While they are still very much affordable speakers, the Yamaha HS series tends to retail slightly higher in price compared to other monitors on the market. This can make it attractive to opt for a cheaper option, but you simply won’t find a monitor that outputs such a flat frequency response in this price range.

Yamaha HS Users

An absolute staple of professional and home studios, Yamaha HS Series monitors are used by artists such as:

  • A-Track
  • Metro Boomin
  • Odesza
  • San Holo
  • Joey Bada$$

KRK Rokits vs Yamaha HS

So looking at these iconic monitor ranges head to head, which should you go for?

If you’re looking for speakers with the most accurate possible response – perhaps your focus is on perfecting track mixing and mastering – the Yamaha HS series definitely outperforms the KRK Rokits. The Rokits exaggerate the low frequencies slightly, which could have an impact on your final track if you do not take this into consideration, whereas the HS series’ output is extremely honest to the original sound.

On the other hand, if you’re planning to use monitors for DJing as well as music production or general use, Rokits may be a better option where some slight emphasis on the lower frequencies is preferable for a more enjoyable listening experience. The Rokit G4 series also offers an accompanying app to help you tweak your setup which may be appealing to you if you require support in optimising the sound output based in the room your speakers are positioned in.

Of course price is always a key consideration with any purchase. Typically KRK Rokits are cheaper than Yamaha HS monitors, although there’s not usually a huge difference. If you do have a tight budget however, the Rokits may be a better choice.

All things considered, both ranges are excellent options for home studios, with a professional-grade range, quality and accuracy at an extremely affordable price point. If it comes down to which monitor you think looks better, that’s not a bad way to make your decision.

What are the key considerations when buying studio monitors?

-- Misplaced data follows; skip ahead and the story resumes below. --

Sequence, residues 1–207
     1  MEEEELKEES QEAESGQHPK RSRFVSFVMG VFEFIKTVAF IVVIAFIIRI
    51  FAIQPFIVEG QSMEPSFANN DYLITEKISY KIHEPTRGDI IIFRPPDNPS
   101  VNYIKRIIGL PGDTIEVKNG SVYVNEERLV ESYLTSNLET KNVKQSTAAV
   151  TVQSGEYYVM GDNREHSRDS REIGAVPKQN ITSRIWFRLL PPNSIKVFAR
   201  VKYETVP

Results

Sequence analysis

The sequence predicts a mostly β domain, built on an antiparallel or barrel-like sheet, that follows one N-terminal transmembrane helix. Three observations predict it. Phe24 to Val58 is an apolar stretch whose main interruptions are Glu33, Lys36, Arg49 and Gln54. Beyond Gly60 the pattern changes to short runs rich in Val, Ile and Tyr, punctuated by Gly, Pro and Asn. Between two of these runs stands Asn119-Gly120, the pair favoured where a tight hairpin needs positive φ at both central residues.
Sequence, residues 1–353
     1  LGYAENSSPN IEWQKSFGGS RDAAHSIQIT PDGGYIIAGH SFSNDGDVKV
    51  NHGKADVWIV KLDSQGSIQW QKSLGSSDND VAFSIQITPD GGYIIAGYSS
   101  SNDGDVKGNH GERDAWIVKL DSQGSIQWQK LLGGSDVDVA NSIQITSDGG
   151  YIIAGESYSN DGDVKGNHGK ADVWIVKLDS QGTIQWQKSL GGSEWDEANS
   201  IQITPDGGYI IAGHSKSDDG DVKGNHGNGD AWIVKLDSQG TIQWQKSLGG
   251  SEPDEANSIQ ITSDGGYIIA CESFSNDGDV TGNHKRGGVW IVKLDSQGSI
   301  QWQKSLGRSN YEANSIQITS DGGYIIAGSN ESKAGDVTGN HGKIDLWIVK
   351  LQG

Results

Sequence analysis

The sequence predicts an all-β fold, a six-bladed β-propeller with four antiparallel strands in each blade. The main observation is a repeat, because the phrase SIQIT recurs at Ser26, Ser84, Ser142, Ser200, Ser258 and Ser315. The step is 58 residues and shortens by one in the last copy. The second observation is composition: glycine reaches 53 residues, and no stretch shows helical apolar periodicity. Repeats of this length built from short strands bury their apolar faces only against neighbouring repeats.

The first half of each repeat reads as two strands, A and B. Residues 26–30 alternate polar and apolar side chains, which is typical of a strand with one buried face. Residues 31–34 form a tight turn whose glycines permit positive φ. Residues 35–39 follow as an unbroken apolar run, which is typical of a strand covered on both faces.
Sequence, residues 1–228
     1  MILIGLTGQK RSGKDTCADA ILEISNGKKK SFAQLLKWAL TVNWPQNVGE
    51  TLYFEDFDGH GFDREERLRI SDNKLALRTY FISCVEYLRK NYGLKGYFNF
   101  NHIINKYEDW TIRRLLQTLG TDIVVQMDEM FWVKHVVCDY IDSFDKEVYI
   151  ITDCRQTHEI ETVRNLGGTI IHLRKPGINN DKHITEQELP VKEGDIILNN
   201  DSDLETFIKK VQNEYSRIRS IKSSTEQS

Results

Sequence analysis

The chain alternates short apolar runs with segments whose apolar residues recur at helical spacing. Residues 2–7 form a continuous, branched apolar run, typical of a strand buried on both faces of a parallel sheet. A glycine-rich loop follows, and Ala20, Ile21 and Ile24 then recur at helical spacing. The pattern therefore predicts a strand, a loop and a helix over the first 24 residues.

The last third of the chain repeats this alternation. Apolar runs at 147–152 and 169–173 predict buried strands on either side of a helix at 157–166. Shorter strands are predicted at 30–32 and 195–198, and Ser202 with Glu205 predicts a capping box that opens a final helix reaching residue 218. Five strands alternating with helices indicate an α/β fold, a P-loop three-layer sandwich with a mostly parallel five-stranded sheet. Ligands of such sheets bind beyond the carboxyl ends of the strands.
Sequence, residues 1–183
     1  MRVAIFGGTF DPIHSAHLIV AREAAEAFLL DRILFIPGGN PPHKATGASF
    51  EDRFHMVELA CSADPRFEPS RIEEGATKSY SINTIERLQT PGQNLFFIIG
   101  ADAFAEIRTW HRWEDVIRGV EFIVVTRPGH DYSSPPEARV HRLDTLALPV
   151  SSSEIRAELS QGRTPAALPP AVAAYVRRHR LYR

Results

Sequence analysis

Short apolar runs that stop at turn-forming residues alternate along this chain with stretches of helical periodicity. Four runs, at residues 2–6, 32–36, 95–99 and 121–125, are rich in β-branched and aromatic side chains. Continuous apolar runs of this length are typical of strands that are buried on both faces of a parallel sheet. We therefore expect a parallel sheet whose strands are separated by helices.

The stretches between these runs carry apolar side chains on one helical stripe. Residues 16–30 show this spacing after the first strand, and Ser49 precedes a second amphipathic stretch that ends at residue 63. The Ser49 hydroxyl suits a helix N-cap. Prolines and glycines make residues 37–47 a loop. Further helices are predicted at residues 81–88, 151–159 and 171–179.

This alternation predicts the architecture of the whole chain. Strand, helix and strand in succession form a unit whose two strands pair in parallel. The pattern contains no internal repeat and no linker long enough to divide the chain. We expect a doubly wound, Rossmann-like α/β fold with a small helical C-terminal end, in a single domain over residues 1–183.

Quality and frequency range – Humans generally can’t hear sounds above 20KHz and below 20Hz, but you can still ‘feel’ the really high and low frequencies. A high quality monitor will cover a wide frequency range without distortion (known as dynamic range). For home studio use a speaker that reaches down to 50-60Hz is acceptable. If you’re purchasing studio monitors to produce EDM, hip hop or any other bass-driven genre, adequate bass extension is crucial. Importantly, sound across the frequency range should be accurate, precise and full-bodied, without distortion.

Size – The size of monitor you need depends on the size of the room you plan to keep it in and your personal preference. For a small room, a speaker with a 5″ subwoofer may be sufficient, but for larger rooms you may need a bigger 7″ or 8″ woofer. If you you need studio monitors for mixing and mastering bass-orientated music, a bigger speaker which produces a punchier and more detailed low-end may be more suitable. Monitors that have LF drivers of 10″ or larger aren’t really necessary or appropriate for home usage, unless you’re lucky enough to have a huge space or plan to host events.

Budget – If you’re tempted to buy the very cheapest monitors to produce music, you should without a doubt reconsider. If you’re serious about beat-making, sound engineering or DJing, save a bit more and expand your budget – you usually get what you pay for. The Yamaha HS series and KRK Rokits are the best affordable monitors available in most critic and user opinions.